Fortunately, simple functions can be saved. In Expectation Formation in Behavioral Simulation Models, John Sterman describes an alternative third-order TREND function that improves robustness and realism. The same structure can be found in the excellent discussion of expectations in Business Dynamics, Chapter 16.

I’ll leave the details to the article, but the basic procedure is:

  • Recognize that the input is not perceived instantaneously, but only after some delay (represented by smoothing). This might capture the fact that formal accounting procedures only report results with a lag, or that you only see the price of cheese at the supermarket intermittently.
  • Track a historic point (the Reference Condition), by smoothing, as in the simpler methods.
  • Measure the Indicated Trend as the fractional slope between the Perceived Present Condition and the Reference Condition.
  • Smooth the Indicated Trend again to form the final Perceived Trend. The smoothing prevents abrupt changes in the indicated trend from causing dramatic overshoots or undershoots in the trend estimate and extrapolations that use it.

There’s an intermediate case that’s actually what I’m most likely to reach for when I need something like this: second-order smoothing. There are actually several very similar approaches (see double exponential smoothing for example) in the statistical literature. You have to be a little cautious, because these are often expressed in discrete time and therefore require a little thought to adapt to continuous time and/or unequal data intervals.

The version I use does the following:

(4) smoothed input = SMOOTH( input, smoothing time )

(5) linear trend = (input-smoothed input) / smoothing time
(6) smoothed trend = SMOOTH( linear trend, trend smoothing time )
(7) forecast = smoothed input + smoothed trend*(smoothing time + forecast horizon)

This provides most of what you want in a simple extrapolation method. It largely ignores a PULSE disturbance. Overshoot is mild when presented with a STEP input (as long as the smoothing times are long enough). It largely rejects noise, but still tracks a real RAMP accurately.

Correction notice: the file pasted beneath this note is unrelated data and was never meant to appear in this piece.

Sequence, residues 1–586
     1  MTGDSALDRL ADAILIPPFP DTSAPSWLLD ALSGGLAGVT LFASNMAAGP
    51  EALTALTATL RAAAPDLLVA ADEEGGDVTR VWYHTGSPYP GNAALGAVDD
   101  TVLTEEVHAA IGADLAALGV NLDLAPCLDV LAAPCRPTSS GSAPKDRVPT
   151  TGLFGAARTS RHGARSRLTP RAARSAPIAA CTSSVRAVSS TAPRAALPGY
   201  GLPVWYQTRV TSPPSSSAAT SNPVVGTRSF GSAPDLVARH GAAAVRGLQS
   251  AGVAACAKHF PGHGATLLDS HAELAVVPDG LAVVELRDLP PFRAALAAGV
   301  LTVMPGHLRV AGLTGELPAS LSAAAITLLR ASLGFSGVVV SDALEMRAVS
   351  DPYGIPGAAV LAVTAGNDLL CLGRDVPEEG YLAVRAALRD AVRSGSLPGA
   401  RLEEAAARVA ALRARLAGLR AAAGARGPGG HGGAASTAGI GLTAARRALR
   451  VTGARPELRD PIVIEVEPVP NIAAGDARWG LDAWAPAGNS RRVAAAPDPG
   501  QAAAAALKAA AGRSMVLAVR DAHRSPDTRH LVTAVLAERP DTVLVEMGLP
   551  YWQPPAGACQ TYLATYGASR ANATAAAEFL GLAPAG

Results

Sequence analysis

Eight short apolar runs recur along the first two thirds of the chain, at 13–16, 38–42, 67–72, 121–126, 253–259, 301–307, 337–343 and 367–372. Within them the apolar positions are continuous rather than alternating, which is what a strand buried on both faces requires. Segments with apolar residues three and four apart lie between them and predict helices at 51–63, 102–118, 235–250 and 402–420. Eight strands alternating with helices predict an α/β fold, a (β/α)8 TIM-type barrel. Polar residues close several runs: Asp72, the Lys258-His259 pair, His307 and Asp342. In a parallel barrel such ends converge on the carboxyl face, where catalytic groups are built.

Back to regression

SD models typically avoid linear regression, for a reasons that are partly legitimate (as mentioned above). But it’s also partly cultural, as a reaction to incredibly stupid regressions that passed for models in other fields around the time of SD’s inception. We shouldn’t throw the baby out with that bathwater.

Fortunately, while most software doesn’t make linear regression particularly accessible, it turns out to be easy to implement an online regression algorithm with stocks and flows with no storage of data vectors required. The basic insight is that the regression slope (typically denoted beta) is given by:

(8) slope = covar(x,y) / var(x)

where x is time and y is the input to be forecasted. But var() and covar() are just sums of squares and cross products. If we’re OK with having exponential weighting of the regression, favoring more recent data, we can track these as moving sums (analogous to SMOOTHs). As a further simplification, as long as the smoothing window is not changing, we can compute var(x) directly from the smoothing window, so we only need to track the mean and covariance, yielding another second-order smoothing approach.

If the real decision makers inspiring your model are actually using linear regression, this may be a useful way to implement it. The implementation can be extended to equal weighting over a finite interval if needed. I find the second-order smoothing approach more intuitive, and it performs just as well, so I tend to prefer that in most cases.


Most of what I’ve described above is linear, i.e. it assumes linear growth or decline of the quantity of interest. For a lot of things, exponential growth will be a better representation. Equations (3) and (3b) assume that, but any of the other methods can be adapted to assume exponential behavior by operating on the logarithm of the input, and then inverting that with exp(…) to form the final output.